(1)  provided special education and related services; and

(2)  assigned to a self-contained classroom or other special education setting for at least 50 percent of the instructional day.”

However, under Section 29.002(k), the commissioner may adopt rules to implement and administer this section, including rules regarding the special education settings to which this section applies. That would likely include a determination on whether life skills and behavior unit classrooms constitute special education settings under SB 507. Stay tuned for updates once the rulemaking process is completed.

Can a parent opt his or her child out of being recorded?

It is very unlikely that a parent would be able to opt not to have his child monitored by video. There is no opt out provision in the statute and no practical way for a school district to comply with the law and ensure access to an unmonitored classroom setting covered by SB 507. Under the bill, a classroom must be monitored by video surveillance even if only a single parent requests it. While it is theoretically possible for a district to set up a classroom designed for only those children of parents who object to video monitoring, it is not really practical and the bill doesn’t require such an accommodation.

What implications does FERPA (the Family Educational Rights and Privacy Act) have on viewing a video under SB 507?

There is no way to definitively say at this point whether common situations that would occur under SB 507 would violate the FERPA privacy protections, but likely the bill can be implemented without causing a violation of the federal law.

In any event, it is important to remember that potential FERPA violations caused by SB 507 are ultimately not something that should cause much worry for an individual educator. FERPA very specifically makes the institution (i.e. the school district, in this case) responsible for maintaining confidentiality – not individual educators. The only problem an educator could have is if the educator violates a school district policy with regard to the bill and the district then tries to take negative employment action against the educator; similarly, SBEC could pursue sanctions against an individual educator for violation of a local school district policy.

For those still interested in whether the law might create a violation under FERPA, it is important to distinguish between the legality of making a recording and the legality of showing that recording to a specific individual. Because FERPA regulates disclosure, it is unlikely that requiring districts to create a recording implicates the federal law at all. FERPA only applies when an educational record (in this case the video of the classroom) is shared with someone who is not the maker of the video (i.e. the district).

So the questions that follow are these: What obligations does a school district have when deciding who gets to see the videotape, and what must a district do to redact such a videotape before allowing someone without a legitimate educational purpose or one of the other exceptions written into the regulations to see it? A parent seeing a child, other than his own, in a self-contained special education setting likely establishes that the child is receiving special education services, which might be characterized as a violation of confidentiality. A district could likely avoid this potential violation by only sharing the video after blurring the images of other students. In fact, there are already instances in which school districts have provided video recordings involving students after blurring out the students’ faces to protect their anonymity, ostensibly to avoid any potential FERPA violations.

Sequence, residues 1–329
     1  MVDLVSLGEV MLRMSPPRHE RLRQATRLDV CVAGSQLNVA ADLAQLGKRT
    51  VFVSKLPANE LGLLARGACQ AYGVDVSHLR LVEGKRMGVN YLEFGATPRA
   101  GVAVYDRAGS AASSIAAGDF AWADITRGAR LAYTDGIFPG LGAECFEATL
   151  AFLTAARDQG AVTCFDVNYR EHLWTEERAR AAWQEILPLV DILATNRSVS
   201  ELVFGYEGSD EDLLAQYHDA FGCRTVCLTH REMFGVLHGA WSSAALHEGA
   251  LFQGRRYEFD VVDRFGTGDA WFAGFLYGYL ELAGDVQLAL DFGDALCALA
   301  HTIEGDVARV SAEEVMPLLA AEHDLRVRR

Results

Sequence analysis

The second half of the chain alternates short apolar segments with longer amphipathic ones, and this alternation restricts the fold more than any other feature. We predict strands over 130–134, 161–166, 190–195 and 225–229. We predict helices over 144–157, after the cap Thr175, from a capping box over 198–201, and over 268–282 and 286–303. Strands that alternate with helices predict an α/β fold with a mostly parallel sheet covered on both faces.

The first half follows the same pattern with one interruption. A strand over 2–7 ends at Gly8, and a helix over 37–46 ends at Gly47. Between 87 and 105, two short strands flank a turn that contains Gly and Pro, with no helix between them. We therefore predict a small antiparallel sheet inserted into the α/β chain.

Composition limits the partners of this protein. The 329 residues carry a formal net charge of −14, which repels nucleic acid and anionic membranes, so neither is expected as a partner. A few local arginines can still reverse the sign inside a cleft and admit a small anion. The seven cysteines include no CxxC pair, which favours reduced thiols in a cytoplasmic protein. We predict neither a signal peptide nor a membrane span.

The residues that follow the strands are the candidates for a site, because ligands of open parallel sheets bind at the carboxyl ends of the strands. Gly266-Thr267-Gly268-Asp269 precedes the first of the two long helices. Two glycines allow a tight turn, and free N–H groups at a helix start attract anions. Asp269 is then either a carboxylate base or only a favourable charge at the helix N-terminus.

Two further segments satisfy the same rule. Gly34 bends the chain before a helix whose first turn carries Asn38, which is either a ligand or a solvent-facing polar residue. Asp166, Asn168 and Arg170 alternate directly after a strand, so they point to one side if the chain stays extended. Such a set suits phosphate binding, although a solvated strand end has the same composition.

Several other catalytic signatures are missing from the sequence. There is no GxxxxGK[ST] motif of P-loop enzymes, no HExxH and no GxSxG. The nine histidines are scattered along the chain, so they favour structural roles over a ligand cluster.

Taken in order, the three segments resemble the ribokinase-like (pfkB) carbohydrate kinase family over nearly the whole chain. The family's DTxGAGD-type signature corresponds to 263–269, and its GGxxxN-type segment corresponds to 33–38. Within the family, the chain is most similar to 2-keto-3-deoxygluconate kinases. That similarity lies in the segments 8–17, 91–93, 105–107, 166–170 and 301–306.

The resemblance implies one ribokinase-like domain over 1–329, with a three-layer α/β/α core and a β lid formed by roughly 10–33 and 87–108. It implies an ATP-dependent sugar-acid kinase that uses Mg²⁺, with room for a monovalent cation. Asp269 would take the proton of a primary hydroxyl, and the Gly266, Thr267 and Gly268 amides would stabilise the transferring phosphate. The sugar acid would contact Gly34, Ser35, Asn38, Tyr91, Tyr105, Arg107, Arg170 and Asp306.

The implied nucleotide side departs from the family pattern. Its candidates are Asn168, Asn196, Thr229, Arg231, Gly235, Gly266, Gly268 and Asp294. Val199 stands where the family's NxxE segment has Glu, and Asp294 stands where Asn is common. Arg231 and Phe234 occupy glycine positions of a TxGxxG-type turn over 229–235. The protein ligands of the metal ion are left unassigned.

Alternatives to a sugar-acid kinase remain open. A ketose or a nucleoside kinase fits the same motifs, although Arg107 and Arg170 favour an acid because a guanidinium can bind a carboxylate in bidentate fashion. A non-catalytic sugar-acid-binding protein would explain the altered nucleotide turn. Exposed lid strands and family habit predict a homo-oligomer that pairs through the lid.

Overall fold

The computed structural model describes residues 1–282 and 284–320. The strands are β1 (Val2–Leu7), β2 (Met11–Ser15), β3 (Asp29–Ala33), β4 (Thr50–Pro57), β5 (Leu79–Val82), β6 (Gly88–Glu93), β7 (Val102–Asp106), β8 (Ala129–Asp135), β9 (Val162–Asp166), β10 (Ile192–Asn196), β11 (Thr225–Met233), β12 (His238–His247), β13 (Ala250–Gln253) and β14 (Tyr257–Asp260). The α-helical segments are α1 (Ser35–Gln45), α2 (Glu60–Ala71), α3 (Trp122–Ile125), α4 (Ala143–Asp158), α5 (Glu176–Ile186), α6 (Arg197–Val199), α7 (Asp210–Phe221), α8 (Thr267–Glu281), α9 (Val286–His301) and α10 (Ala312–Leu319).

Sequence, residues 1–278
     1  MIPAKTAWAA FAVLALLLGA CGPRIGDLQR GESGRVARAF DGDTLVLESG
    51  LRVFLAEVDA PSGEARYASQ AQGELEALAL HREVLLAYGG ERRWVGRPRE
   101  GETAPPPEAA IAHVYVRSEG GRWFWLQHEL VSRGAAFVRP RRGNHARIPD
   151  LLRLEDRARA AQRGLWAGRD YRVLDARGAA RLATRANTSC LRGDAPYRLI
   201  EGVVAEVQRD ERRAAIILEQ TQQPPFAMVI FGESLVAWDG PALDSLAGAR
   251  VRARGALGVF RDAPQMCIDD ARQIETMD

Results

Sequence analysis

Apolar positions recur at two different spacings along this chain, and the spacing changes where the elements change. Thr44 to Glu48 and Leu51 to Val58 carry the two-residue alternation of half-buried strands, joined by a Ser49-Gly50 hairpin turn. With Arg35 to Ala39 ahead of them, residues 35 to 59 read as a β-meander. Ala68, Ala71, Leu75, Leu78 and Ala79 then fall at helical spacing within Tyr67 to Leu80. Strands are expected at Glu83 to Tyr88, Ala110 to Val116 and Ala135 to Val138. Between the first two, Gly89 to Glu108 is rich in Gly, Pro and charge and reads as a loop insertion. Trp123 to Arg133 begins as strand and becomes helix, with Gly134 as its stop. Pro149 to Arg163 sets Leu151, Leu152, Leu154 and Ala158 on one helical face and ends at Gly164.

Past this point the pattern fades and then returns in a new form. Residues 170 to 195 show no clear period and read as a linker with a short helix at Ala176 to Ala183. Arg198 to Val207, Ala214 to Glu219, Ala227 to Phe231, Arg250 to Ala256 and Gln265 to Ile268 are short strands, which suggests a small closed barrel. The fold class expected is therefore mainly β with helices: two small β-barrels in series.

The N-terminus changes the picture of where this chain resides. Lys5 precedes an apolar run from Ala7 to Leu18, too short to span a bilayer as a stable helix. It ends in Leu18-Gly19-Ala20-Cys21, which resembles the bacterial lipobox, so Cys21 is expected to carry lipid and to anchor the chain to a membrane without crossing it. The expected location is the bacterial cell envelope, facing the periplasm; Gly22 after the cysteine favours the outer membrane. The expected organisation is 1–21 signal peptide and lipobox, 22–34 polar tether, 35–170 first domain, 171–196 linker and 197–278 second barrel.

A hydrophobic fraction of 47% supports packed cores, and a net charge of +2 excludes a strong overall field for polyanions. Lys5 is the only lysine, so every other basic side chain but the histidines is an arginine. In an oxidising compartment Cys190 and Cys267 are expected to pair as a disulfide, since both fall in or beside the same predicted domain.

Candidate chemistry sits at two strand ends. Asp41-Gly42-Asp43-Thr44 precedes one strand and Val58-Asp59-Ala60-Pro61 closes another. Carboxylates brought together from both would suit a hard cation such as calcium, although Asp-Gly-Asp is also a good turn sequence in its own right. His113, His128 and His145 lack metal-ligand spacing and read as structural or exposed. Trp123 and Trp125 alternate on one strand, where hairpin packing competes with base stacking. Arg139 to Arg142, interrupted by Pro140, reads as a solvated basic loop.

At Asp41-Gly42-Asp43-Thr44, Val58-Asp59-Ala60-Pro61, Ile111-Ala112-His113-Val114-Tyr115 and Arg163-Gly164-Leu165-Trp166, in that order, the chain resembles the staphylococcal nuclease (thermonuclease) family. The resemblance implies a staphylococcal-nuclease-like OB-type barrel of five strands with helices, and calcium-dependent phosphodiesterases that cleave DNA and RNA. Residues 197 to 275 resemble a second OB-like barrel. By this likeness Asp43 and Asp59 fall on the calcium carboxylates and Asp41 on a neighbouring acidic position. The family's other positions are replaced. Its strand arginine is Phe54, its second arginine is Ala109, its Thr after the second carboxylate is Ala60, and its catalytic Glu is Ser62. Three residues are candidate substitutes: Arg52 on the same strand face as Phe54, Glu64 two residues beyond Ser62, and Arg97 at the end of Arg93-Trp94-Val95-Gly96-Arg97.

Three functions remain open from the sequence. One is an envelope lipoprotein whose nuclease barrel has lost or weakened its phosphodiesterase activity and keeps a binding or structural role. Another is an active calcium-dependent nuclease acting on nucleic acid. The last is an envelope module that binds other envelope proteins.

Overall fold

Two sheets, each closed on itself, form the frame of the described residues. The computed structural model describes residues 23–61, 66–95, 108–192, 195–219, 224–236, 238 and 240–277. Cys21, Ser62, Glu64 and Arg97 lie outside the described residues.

You can read more about common FERPA questions at this FERPA FAQ posted online by the U.S. Department of Education.

What was ATPE’s official position on SB 507?

As is often the case with high-profile legislation, SB 507 presented both positive and negative implications. After careful consideration of the pros and cons, ATPE chose not to register a formal position for or against the bill as part of official testimony before the House Public Education Committee or Senate Education Committee when those committees considered the bill this legislative session. In fact, no representatives of the state’s major educator groups registered a position for or against this bill. Most of the testimony was provided by parents, educators with particular expertise in special education, and representatives of school districts. SB 507 is likely to have a far greater impact on school districts and school boards, which ATPE does not directly represent, than it is expected to have on individual educators, which make up the majority of our membership.

ATPE certainly agrees with the intent of the bill – to deter classroom violence, aggression, or abuse. Our decisions on how to respond to SB 507 were based in part on how the bill addressed the issue of classroom violence – not whether or not that issue should be addressed. Any level of classroom violence, whether perpetrated by a teacher or student or against a teacher or student, is without question unacceptable and should not be tolerated. A few important questions that must be considered, however, when tackling this issue include these: 1) Is requiring video monitoring of classroom the most efficient and effective way of addressing classroom violence?  2) Does requiring video monitoring do more harm or good on balance?